The love story between blockchain technology and the United States has been a bit of a one-sided story–in that blockchain has a lot of love to give and the US government has taken some time in realizing blockchain’s full potential.
That said, on Wednesday–which happened to be Valentine’s Day (February 14)–however, the US House of Representatives’ held a hearing to discuss future adaptations and how it can begin implementing the technology.
Called “Beyond Bitcoin: Emerging Applications for Blockchain Technology” with Ralph Abraham as chairman and the Committee on Science, Space and Technology overseeing the hearing. Overall, the purpose of the hearing was to discuss blockchain technology and its potential in emerging applications that stretch beyond cryptocurrencies and fintech.
In his opening statement, chairman Abraham stressed that the hearing wasn’t intended to directly discuss cryptocurrencies like bitcoin and the “numerous reported security, regulatory and environmental issues associated with [cryptocurrencies].”
Witnesses of the hearing included: Chris Jaikaran, analyst in cybersecurity policy, government and finance division, Congressional Research Service; Charles Romine, director, information technology laboratory at the National Institute of Standards and Technology (NIST); Gennaro “Jerry” Cumo, blockchain vice president at IBM (NYSE:IBM); Frank Yiannas, vice president of food safety at Walmart (NYSE:WMT); and Aaron Wright, associate clinical professor and co-director of the Blockchain project, Benjamin N. Cardozo school of law.
In short, the panel of witnesses would be able to recommend to Congress a framework that would make blockchain a viable technology used within the government and also the public.
As part of the government interest in blockchain technology, chairman Abraham said that the Science Committee will keep addressing cybersecurity and how blockchain technology could “potentially bolster private companies’ and the federal government’s cybersecurity weaknesses.”
“Bolstering the cybersecurity of federal information systems is among the committee’s top priorities, and I am hopeful that our efforts here today will take us one step closer toward accomplishing this objective,” chairman Abraham said.
In putting those efforts into fruition, Wright said in his testimony that he would encourage Congress to commission a blockchain advisory group.
“The idea with the blockchain commission would be to provide a degree of uniformity and a unified approach to the numerous regulatory decisions,” he said. “Some issues raised by the witnesses today …. there’s privacy issue, identity issues, consumer protection, commodities laws, and there’s competing interpretations that have been issued already by federal agencies, so the thought would be to standardize that.”
In Jaikaran’s testimony for blockchain, he stressed that the technology itself isn’t a new technology, but rather are technologies we already have. Jaikaran continued, stating that with blockchain the use of a third party can be avoided because as transactions are added, identities of parties conducting transactions a verified “and the transactions themselves are verifiable by other users.”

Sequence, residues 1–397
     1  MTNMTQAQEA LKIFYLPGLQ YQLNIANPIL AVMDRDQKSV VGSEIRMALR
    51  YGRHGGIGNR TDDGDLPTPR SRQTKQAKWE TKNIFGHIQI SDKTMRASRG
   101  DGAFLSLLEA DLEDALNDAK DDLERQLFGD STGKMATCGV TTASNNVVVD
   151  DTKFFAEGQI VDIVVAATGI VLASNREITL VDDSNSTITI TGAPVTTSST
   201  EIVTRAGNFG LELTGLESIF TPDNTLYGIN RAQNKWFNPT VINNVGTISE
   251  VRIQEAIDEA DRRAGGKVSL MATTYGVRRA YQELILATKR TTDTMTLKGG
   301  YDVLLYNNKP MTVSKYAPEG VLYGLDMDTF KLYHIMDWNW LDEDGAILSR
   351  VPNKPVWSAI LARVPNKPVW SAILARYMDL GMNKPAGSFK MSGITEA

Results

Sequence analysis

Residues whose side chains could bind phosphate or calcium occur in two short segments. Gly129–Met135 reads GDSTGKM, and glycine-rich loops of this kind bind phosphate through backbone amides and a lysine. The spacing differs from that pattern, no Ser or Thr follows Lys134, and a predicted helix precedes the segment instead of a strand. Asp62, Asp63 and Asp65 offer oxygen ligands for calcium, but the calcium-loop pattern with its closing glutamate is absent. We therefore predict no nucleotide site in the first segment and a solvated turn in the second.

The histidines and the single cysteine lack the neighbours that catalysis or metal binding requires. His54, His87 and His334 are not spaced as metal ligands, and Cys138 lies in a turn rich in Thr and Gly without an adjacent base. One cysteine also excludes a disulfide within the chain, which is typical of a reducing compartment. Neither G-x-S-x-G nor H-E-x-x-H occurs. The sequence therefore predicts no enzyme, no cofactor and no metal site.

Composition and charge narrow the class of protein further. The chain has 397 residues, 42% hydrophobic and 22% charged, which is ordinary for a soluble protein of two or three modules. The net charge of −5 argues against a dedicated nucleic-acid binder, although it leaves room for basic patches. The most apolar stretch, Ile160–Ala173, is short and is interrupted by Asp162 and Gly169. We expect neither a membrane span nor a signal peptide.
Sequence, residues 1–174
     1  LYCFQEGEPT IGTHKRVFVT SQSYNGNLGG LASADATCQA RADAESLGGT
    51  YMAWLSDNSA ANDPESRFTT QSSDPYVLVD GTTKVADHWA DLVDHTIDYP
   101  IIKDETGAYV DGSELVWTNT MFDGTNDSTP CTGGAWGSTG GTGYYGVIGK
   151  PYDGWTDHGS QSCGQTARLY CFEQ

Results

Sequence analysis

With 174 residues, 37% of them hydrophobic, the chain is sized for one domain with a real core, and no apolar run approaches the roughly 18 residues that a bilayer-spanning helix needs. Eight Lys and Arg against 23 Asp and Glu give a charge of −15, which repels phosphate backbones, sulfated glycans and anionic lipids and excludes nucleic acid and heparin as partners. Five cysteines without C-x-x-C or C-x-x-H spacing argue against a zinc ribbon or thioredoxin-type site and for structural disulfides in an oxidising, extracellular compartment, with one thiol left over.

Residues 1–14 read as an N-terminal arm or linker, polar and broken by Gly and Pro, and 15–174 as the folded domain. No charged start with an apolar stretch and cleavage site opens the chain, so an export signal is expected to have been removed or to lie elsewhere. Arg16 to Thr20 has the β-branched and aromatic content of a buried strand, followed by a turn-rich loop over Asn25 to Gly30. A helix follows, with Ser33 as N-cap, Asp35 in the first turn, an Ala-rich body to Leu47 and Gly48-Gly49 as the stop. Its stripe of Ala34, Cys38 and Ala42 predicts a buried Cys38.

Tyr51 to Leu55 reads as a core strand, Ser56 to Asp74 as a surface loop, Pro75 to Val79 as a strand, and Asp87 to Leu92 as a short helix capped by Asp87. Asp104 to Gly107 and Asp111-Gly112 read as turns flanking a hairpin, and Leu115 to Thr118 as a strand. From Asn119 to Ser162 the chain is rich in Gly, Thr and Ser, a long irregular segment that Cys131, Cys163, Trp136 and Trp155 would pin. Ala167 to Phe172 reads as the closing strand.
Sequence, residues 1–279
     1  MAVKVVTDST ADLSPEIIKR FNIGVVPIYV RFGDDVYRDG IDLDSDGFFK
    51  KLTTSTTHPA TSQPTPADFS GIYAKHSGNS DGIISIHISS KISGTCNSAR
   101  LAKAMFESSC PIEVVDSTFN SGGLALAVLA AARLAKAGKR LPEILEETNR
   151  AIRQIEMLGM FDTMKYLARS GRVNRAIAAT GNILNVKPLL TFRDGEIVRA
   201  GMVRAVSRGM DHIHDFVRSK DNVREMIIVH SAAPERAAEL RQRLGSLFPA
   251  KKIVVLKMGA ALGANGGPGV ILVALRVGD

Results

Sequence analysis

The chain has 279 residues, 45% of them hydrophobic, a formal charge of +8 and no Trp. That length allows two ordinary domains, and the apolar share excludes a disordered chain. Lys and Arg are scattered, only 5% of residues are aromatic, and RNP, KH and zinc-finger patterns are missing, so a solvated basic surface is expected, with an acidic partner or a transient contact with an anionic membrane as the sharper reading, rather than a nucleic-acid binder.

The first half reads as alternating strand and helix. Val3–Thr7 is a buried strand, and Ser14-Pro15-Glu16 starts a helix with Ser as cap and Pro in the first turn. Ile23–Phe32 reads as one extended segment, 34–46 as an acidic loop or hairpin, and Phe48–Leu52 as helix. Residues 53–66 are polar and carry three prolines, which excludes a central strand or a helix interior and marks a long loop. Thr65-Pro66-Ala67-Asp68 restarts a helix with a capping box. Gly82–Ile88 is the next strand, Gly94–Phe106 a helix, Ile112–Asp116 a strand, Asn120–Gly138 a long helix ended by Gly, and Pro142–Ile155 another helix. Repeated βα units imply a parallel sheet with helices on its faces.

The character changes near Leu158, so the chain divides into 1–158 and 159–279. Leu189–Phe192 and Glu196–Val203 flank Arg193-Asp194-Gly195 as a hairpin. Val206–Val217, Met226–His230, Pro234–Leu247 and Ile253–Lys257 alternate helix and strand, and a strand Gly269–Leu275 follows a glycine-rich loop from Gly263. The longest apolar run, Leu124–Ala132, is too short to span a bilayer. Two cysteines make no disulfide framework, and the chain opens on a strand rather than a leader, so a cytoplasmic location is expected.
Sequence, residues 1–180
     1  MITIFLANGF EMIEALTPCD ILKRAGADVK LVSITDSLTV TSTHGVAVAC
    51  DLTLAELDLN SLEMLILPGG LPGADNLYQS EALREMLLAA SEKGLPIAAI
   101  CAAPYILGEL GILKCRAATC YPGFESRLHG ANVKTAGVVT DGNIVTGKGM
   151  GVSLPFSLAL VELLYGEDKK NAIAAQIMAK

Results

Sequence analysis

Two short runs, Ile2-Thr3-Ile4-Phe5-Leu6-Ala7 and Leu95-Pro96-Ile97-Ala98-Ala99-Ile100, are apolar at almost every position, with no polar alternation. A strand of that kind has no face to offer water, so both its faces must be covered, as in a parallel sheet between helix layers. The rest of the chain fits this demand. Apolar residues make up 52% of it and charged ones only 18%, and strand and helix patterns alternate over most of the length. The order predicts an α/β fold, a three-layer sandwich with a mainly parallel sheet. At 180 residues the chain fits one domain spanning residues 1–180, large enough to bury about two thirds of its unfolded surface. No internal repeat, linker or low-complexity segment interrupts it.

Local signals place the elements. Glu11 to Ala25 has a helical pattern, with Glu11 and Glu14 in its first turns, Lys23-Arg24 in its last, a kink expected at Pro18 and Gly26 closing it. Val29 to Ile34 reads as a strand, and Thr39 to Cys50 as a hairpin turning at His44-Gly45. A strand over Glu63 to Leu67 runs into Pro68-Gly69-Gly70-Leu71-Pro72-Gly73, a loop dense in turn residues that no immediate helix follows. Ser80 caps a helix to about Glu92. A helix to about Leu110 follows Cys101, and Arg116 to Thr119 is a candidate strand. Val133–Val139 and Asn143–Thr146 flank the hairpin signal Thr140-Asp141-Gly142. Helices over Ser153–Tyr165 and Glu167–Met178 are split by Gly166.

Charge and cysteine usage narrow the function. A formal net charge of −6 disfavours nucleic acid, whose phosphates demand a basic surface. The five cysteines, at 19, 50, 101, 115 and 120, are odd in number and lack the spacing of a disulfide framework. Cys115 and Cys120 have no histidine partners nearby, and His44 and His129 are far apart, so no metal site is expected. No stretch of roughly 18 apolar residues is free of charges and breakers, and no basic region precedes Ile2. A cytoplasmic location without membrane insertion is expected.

“The strong relationship between identities, transactions and the ledger enables parties that may not trust each other to agree on the state of resources as logged in that ledger,” Jaikaran said. “Blockchain is not a new technology; rather, it uses existing technologies in a novel way.” Jaikaran’s statement set out four particular technologies that are used to enable blockchain technologies as: asymmetric key encryption, hash values, Merkle trees and peer-to-peer-networks.
In terms of potential considerations for Congress, Jaikaran said that because of its novelty, blockchain is being piloted by industry, but doesn’t appear to be a replacement for existing systems, at least not yet.
“Given these conditions, the technology does not contain the same level of adoption that previously technology had when facing potential legislative action,” he said. “Congress can still provide oversight of federal agencies seeking to: use it for government business, and regulate industries using blockchain.”
Similarly, White said that he would “encourage” Congress to consider a National Blockchain Commission that would work to cement the US’ technical standing and increase economic growth and innovation by “exploring ways to invest in blockchain-based research … and to help ensure that blockchain-based innovations occurs here.”
White expanded on that, stating:
The commission could: (i) help devise common principles to guide the federal approach for regulating blockchain technology, across a range of sectors, protecting values like financial privacy, personal autonomy, and consumer protection; and (ii) hold hearings, conduct research, and make recommendations for industry, the Executive Branch.
Indeed, it will take some time until any kind of blockchain legislation is officially put in place, but Wednesday’s panel certainly put forth a strong argument for that process–whenever it comes. To watch the full hearing, click here.
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Securities Disclosure: I, Jocelyn Aspa, hold no direct investment interest in any company mentioned in this article.